That was a strategy and a neighborhood Najem would return to after co-founding Fulton St. Companies in late 2017 with Ross Babel and David Mazzella. Over the last two years, the firm has focused exclusively on the booming West Loop area, acquiring seven properties with six planned projects — five commercial developments and a 500-unit residential complex at 1325 West Randolph Street.
Backed by Oak Brook-based Huizenga Capital Management, Fulton St. Companies projects include converting a century-old fire station at 114 North Aberdeen Street; and a historic building at 1100 West Fulton Street, where furniture company Herman Miller plans to take 45,000 square feet. The firm has also won approval for a hotel on a vacant plot at 1043 West Fulton Street, but it is still considering an office development there. Construction will begin in July.
Najem said his firm will maintain its focus on Fulton Market, eyeing properties on the western edges, which have become targets for investors. “We believe Fulton Market is its own little city,” he said. Najem sat down with The Real Deal to discuss the future of resi development in the booming district, how his company can thrive alongside competitors like Sterling Bay and Shapack Partners, and why he thinks the real estate cycle is still in its early innings.
This interview has been edited for length and clarity.
Why did you decide to plant the company’s flag in Fulton Market?
Over time, we believe that all the streets [in Fulton Market] will have an identity. We like that you can walk the entire neighborhood in 20 minutes. We also like that office [space] is spread out all over the neighborhood.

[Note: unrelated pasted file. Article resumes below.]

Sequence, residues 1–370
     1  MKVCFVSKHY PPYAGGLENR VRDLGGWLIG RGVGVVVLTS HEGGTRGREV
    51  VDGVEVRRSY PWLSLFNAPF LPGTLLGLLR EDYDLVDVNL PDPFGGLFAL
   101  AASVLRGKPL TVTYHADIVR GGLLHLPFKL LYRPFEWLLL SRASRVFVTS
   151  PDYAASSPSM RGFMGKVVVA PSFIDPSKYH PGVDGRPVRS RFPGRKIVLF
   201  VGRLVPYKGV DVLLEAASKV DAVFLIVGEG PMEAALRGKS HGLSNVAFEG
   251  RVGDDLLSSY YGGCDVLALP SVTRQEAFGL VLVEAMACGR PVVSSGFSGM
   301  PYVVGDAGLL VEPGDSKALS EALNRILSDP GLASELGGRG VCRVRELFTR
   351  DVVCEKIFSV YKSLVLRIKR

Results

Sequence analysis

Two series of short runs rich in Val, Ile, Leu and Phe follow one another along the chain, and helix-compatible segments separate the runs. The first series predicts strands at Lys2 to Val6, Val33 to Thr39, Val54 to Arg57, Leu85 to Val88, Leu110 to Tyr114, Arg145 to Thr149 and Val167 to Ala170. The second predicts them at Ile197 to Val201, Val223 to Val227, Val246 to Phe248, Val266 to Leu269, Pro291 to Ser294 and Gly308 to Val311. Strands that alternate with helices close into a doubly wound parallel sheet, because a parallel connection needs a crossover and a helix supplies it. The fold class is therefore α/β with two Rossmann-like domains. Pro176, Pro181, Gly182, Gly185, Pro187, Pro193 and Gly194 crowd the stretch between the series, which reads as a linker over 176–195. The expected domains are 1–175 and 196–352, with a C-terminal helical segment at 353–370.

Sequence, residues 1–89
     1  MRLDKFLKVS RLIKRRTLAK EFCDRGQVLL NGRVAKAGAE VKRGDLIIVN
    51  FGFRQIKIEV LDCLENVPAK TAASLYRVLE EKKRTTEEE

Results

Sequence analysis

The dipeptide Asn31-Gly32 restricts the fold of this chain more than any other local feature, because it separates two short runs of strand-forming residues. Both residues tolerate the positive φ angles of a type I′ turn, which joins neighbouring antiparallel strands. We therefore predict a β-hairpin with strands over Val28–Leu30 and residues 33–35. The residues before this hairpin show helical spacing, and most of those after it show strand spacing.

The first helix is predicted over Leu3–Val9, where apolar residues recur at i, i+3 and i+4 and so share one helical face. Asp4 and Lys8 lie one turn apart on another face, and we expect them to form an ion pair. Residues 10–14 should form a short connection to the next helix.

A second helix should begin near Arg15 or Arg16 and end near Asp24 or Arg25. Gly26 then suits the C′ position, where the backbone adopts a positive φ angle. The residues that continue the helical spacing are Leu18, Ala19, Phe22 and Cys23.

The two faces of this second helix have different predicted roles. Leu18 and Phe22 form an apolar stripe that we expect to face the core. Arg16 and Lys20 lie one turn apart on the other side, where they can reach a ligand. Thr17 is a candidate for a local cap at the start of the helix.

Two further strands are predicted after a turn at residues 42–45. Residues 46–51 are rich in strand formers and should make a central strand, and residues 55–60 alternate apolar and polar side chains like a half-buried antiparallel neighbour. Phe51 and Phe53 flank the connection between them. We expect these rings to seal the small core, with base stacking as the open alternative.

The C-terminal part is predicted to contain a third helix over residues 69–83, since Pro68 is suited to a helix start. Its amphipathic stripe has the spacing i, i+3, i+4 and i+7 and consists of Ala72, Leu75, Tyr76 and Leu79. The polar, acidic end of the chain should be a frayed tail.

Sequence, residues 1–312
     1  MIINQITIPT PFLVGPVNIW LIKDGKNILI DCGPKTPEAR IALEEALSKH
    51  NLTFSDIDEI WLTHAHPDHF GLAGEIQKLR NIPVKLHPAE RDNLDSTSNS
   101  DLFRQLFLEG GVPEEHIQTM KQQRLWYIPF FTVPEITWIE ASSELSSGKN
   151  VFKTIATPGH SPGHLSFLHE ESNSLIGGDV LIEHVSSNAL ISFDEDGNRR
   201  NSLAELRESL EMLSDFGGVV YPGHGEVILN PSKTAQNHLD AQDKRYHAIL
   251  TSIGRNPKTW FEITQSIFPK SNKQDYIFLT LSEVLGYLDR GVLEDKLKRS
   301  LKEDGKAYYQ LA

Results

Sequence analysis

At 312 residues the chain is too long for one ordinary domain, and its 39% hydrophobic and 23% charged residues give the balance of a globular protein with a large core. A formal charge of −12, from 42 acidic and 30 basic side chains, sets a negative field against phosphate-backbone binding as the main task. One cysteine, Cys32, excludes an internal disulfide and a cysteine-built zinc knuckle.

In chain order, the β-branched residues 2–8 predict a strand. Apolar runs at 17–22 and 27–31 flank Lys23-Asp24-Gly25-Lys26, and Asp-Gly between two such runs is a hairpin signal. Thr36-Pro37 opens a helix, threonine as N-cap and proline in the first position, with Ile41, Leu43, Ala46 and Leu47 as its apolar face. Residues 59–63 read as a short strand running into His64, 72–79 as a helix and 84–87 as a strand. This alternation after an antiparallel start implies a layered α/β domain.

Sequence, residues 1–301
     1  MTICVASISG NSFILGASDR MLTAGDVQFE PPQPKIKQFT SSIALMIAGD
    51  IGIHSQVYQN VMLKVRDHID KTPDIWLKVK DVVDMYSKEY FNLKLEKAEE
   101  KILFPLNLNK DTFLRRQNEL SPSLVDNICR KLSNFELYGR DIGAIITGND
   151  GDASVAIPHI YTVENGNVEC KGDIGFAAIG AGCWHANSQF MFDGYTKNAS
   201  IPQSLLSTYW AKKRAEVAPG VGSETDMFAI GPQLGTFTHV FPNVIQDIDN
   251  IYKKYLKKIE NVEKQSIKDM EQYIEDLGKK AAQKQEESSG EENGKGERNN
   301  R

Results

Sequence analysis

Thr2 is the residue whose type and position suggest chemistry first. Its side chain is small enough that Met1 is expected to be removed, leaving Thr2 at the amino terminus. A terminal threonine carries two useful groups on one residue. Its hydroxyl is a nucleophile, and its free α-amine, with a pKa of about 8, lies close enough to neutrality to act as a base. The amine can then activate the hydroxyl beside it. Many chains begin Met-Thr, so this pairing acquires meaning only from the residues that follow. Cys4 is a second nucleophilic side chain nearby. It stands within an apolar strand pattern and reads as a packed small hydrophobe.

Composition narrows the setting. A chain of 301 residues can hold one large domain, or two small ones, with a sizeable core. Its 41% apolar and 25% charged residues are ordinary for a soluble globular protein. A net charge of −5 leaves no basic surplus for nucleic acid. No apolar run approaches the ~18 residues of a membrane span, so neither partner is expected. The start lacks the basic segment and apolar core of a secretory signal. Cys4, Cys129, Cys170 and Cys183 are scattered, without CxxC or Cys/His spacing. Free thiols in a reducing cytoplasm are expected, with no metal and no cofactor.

What about residential development?
In the beginning phase of Fulton Market, residential was banned north of Lake Street, which kind of forced a development wave of office north of Lake and a residential boom south of Lake.
We believe that residential will eventually be allowed north of Lake [and] that the neighborhood is going to have a good balance of daytime population, comprised of office, residential and retail, as well as hotels.
We also initially liked Fulton Market because we knew it was going to attract high-end retailers, trendier boutique hotels and bigger restaurant names from around the world. We believe River North is more of a commercial, suburban area that’s become quite cheesy, and Fulton Market has been selective of the type of tenants moving in there. There aren’t a lot of chains in the neighborhood and with fewer developers controlling most of the sites, they’re really able to decide what to put in certain buildings.
What’s it like sharing a neighborhood with two of the developers credited with transforming Fulton Market?
Andy Gloor [Sterling Bay] has been a mentor of mine for many years and Jeff Shapack [Shapack Partners] has a great eye for design and the ability to bring in out-of-state tenants that help build Fulton in a different way other than office, with Soho House and the Hoxton. I thought that being here with two groups that have a really good eye for design and the ability to attract like global tenants and brands, that’s kind of why I even came over here in the first place.